Food chopper, 'No 1 Universal', cast iron / wood, made by Landers Frary & Clark, United States of America, patented 1897-1899
Gadgets like this Universal food chopper are typical of Victorian ingenuity, epitomising the extent to which even the home was becoming industrialised. As the 'Journal of Domestic Appliances' declared in 1882, 'Year by year domestic inventions of every kind are increasing; and no matter whether we desire to clean knives, or make stockings, peel potatoes, black shoes, make butter, wash clothes, stitch dresses, shell peas, or even bake our bread, all we have to do now is turn a handle¬?'. Many of these gadgets were imported from the United States with American manufacturers having a reputation for ingeniousness and labour saving.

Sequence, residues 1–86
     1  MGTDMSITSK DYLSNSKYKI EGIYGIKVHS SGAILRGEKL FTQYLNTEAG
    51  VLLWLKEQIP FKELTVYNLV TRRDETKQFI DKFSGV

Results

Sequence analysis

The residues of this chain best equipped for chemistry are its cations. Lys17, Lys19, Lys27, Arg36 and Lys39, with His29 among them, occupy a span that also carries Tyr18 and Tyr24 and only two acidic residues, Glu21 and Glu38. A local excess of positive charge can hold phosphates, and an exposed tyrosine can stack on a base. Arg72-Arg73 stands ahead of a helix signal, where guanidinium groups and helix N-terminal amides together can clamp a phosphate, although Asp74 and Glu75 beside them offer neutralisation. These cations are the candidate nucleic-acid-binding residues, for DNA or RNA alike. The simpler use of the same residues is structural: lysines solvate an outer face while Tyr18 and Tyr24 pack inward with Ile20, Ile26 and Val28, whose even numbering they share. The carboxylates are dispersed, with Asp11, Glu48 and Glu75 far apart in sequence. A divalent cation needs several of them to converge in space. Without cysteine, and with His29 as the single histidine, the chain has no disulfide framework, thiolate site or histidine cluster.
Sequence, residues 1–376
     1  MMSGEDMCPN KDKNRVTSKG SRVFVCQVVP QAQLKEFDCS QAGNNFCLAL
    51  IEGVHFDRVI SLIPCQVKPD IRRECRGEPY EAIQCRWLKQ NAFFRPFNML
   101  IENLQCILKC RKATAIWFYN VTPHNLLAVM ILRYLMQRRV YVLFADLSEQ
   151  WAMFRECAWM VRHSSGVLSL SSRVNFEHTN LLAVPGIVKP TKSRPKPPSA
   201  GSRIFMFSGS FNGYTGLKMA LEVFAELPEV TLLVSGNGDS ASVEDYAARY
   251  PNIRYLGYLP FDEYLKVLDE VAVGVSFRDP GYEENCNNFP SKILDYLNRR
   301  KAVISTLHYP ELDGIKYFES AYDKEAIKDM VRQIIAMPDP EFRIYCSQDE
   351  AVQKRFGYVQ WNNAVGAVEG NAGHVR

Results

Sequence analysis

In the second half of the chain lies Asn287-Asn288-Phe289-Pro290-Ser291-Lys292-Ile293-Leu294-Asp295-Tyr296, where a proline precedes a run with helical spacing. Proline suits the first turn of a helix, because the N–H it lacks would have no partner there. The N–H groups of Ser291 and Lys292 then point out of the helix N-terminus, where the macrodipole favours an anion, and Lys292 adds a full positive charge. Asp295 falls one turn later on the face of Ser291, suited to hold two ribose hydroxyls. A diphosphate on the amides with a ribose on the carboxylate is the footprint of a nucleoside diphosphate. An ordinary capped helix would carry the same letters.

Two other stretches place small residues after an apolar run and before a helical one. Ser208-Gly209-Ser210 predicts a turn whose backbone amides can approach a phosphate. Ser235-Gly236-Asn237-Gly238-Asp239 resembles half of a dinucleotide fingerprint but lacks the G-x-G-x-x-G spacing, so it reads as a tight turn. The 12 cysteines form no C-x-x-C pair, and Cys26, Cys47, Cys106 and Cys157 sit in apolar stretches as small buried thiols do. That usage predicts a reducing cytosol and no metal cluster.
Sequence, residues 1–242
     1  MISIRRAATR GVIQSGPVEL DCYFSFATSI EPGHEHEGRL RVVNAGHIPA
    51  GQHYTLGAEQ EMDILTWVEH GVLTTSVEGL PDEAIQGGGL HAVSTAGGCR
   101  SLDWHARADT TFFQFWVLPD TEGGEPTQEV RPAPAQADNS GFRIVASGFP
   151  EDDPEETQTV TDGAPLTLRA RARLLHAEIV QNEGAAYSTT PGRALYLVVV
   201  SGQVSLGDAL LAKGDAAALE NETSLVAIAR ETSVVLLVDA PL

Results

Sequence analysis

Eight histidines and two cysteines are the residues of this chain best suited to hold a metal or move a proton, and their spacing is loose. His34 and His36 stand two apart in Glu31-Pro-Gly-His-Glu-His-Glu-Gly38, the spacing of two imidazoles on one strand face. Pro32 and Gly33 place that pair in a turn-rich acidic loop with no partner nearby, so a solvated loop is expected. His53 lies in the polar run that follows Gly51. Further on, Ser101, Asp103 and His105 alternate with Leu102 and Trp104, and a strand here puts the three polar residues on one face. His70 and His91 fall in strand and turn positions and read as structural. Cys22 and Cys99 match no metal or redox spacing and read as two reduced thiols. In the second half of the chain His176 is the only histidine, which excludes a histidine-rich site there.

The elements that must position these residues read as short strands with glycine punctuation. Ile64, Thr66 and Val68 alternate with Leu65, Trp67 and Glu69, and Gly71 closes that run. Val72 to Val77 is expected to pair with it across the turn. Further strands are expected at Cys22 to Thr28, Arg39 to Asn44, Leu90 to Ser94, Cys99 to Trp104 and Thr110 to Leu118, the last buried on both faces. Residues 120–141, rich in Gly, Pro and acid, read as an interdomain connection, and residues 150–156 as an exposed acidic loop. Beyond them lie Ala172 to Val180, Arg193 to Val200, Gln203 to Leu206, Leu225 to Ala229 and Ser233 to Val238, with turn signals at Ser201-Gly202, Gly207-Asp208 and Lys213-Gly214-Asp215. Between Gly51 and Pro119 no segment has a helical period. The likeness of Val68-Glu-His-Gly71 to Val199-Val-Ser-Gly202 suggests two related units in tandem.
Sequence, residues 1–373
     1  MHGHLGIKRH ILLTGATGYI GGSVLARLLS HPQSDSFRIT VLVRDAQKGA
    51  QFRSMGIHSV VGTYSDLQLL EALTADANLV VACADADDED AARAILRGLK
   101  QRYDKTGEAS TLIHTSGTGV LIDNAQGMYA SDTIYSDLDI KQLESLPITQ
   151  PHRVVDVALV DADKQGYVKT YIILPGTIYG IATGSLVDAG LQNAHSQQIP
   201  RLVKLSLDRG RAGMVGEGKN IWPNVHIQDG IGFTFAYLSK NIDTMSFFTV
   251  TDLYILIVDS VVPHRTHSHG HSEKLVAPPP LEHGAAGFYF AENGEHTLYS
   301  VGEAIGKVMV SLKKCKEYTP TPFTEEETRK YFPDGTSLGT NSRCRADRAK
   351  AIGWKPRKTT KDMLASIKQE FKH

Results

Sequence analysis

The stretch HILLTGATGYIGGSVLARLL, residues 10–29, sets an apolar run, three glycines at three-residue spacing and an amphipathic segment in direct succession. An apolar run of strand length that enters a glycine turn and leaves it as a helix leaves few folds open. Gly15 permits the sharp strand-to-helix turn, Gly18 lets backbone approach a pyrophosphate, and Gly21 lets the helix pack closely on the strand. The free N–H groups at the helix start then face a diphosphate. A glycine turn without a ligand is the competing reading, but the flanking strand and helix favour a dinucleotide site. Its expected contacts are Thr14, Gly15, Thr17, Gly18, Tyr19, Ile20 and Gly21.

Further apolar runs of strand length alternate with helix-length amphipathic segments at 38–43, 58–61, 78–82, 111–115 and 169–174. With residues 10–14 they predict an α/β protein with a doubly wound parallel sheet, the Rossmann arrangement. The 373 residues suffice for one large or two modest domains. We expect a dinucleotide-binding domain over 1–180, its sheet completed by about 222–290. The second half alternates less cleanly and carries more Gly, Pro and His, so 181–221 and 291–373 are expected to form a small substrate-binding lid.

In 1895 the cookbook writer Wilhelmina Rawson advised her readers to purchase 11 items for the kitchen and laundry including two gadgets, a mincer and a knife cleaning machine. With these she wrote encouragingly, any lady 'no matter how unaccustomed to work ¬? can do the whole of her housework with very little exertion or fatigue'. The meat mincer was particularly appealing as it also reinforced that other great Victorian ideal, thrift. By means of the mincer left overs and off cuts could be transformed into shepherd's pie or mince steak.
Mrs Lance Rawson, The Antipodean cookery book and kitchen companion, George Robertson & Co, 1895